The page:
Postcards from Gaza
Photographs by Kitra Cahana
Commentary by Jay Michaelson
Page three

For me, the most difficult aspect of this conflict is the role played by religion. Most religious Israelis are against the disengagement -- not only including but especially including the sort of hippie-ish, Carlebach-loving crowd whose company I usually enjoy. A huge percentage of the most ardent right-wing radicals are pot-smoking kids (or former pot-smoking kids) who sing songs about peace and love.

How is this possible? How can you "love peace" but want to maintain a bloody occupation in land that is of no religious or political significance to Israel and the Jews? It's complicated. Many of these people see the Palestinian Arabs as intractable enemies of the Jews. Some are Biblically-inspired. But others are more pragmatic, and look only to the betrayal of Oslo. We tried trusting them, some say, and their leader secretly tried to kill us. You don't understand. You're not here. You don't see them every day.

Much of the Left's discourse, meanwhile, is authentically anti-religious, and contains within it a great naivete about how much many Palestinian Arabs really do hate Israelis. Really, though, why shouldn't they? If the Left's narrative of events is correct, these are people whose homes and land were stolen, and who are subject to daily harassment and humiliation. Wouldn't you hate your oppressor?

This is the argument Zeev Jabotinsky, forerunner of today's Israeli Right, made decades ago. He argued: I'm not the racist here. I respect the dignity of the Arabs -- which is why I think they will never make peace with us.

The feeling, which turns into an ideology, is: the more intensely you love Israel and Jewishness, the more you want to hold onto it. And so, the more you loathe those who threaten it. These are not people who see Judaism as a finger pointing at the Moon. For them, it's the finger, the moon, and the only way to spot it.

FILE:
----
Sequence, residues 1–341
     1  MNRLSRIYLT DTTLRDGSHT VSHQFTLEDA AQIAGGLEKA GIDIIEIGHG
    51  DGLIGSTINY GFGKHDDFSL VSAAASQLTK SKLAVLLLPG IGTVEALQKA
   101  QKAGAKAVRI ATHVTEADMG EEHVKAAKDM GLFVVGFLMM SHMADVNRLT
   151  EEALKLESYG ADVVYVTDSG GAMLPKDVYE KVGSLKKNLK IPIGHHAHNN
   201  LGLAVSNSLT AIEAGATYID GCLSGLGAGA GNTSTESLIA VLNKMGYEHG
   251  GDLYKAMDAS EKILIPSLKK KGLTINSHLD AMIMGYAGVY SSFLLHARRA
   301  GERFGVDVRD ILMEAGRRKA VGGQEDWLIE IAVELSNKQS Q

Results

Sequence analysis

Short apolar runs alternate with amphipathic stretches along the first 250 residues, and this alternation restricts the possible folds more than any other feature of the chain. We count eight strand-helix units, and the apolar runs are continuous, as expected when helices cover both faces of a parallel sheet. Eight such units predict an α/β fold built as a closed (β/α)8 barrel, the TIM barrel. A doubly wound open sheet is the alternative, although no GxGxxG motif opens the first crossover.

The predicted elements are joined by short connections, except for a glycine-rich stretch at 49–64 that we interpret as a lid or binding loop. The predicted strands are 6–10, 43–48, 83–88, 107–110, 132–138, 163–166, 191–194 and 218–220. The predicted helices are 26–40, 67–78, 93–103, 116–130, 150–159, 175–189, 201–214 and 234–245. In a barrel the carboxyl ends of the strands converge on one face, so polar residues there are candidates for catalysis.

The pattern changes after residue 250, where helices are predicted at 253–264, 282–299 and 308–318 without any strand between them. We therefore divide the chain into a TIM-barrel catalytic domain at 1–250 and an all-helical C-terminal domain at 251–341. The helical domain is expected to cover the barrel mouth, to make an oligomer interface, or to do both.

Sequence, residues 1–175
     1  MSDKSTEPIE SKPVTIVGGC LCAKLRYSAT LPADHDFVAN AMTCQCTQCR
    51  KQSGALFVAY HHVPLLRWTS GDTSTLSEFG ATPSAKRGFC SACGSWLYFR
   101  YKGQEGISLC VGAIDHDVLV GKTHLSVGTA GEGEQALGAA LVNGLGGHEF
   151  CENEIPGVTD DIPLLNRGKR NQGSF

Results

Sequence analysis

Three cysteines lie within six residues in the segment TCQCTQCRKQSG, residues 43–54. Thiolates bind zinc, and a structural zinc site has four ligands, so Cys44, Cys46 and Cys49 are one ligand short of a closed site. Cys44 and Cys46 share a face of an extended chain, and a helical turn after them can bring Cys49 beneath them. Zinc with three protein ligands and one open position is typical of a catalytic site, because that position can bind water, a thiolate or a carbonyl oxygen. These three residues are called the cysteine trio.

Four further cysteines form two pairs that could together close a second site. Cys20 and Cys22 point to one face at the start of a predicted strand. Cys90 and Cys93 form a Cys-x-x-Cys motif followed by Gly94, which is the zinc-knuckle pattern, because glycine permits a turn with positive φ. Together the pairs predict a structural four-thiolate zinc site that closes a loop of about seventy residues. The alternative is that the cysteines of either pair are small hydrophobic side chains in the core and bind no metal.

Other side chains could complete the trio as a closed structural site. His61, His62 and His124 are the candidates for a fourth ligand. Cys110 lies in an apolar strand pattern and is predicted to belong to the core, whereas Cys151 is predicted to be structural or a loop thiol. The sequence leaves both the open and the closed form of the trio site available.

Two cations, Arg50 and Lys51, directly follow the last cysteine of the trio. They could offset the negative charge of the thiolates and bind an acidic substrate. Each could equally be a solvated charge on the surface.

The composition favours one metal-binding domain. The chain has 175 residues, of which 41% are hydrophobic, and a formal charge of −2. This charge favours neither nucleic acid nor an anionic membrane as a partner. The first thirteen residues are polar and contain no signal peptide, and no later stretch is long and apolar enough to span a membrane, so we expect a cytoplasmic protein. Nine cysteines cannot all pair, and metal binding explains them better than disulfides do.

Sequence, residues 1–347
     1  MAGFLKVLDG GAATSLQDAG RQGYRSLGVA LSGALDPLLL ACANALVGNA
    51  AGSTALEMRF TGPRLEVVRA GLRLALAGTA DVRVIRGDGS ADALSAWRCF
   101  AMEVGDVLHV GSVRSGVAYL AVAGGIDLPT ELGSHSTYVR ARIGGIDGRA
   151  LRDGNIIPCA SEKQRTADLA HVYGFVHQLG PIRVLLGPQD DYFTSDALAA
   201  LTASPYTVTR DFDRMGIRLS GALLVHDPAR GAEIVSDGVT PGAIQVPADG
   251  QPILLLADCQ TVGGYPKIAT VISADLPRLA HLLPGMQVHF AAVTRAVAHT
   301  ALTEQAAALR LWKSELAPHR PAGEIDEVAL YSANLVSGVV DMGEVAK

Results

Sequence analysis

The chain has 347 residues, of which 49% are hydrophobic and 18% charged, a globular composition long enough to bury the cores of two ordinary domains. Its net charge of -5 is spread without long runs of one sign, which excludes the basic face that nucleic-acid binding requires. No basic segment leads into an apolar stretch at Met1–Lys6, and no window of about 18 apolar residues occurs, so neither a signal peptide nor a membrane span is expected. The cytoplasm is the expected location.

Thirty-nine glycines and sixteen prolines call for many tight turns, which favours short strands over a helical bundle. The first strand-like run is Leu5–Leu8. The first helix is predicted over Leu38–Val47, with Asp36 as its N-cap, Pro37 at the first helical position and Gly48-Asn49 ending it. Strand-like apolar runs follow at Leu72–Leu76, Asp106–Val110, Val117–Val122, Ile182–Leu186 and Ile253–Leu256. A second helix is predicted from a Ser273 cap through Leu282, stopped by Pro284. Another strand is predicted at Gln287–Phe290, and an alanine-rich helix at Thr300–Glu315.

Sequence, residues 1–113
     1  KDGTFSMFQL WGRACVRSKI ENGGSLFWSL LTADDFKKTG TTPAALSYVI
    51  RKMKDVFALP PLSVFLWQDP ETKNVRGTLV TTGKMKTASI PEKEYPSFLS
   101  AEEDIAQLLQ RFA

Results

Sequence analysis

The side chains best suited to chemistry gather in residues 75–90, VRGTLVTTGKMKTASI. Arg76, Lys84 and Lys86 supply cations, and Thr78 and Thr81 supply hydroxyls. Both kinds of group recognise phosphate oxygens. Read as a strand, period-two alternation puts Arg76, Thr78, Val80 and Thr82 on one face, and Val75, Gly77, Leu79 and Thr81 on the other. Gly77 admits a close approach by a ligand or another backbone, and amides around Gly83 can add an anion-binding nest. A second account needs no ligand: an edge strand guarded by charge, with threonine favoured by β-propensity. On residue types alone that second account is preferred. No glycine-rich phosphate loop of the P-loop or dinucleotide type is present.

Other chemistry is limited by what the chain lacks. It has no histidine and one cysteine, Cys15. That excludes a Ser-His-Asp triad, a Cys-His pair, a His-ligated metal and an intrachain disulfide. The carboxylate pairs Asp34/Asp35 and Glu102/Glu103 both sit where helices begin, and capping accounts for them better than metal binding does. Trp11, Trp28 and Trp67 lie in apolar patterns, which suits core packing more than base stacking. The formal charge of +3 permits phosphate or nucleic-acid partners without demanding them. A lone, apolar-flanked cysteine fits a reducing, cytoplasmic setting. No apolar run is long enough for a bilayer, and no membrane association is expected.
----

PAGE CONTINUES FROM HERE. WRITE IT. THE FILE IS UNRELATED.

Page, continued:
And again the Left misunderstands. They see it only as fanaticism, as if people are worked up in a frenzy over nothing. That's not right. There is real fire that the Jewish path touches -- real energy, real holiness. It's just that other paths touch it as well -- even ones which may seem to threaten our own.

This isn't to advise "national suicide" or deny the presence of intractable enemies of Israel. But there are many reasonable Palestinians already -- and the way to make more of them is surely not to make matters more cruel, more oppressive than they absolutely need to be.

I honor the peacemakers who gather together in reconciliation, and who build bridges between communities. But my hope does not lie with them. I still have hope, because flowers bloom on my porch in West Jerusalem, and someone is baking a pie, and when the sirens and chatter and agitated slogans finally abate, inside and outside, there is the beautiful redemption of the ordinary.

Peace will come from this seeming inversion of priorities -- away from that which is held sacred, away from ecstasy and ideology, and toward that which is actually sacred: that which is not held, and which is the simple, the everyday, and the plain. As always, peace will come if the conditions of oppression are lifted, and people are able to be boring.

[1]       [2]       3

Kitra Cahana is a widely-published photographer based in Israel. Her photograph of Laura Bush at the Western Wall was on the front page of USA Today.

Jay Michaelson is chief editor of Zeek.

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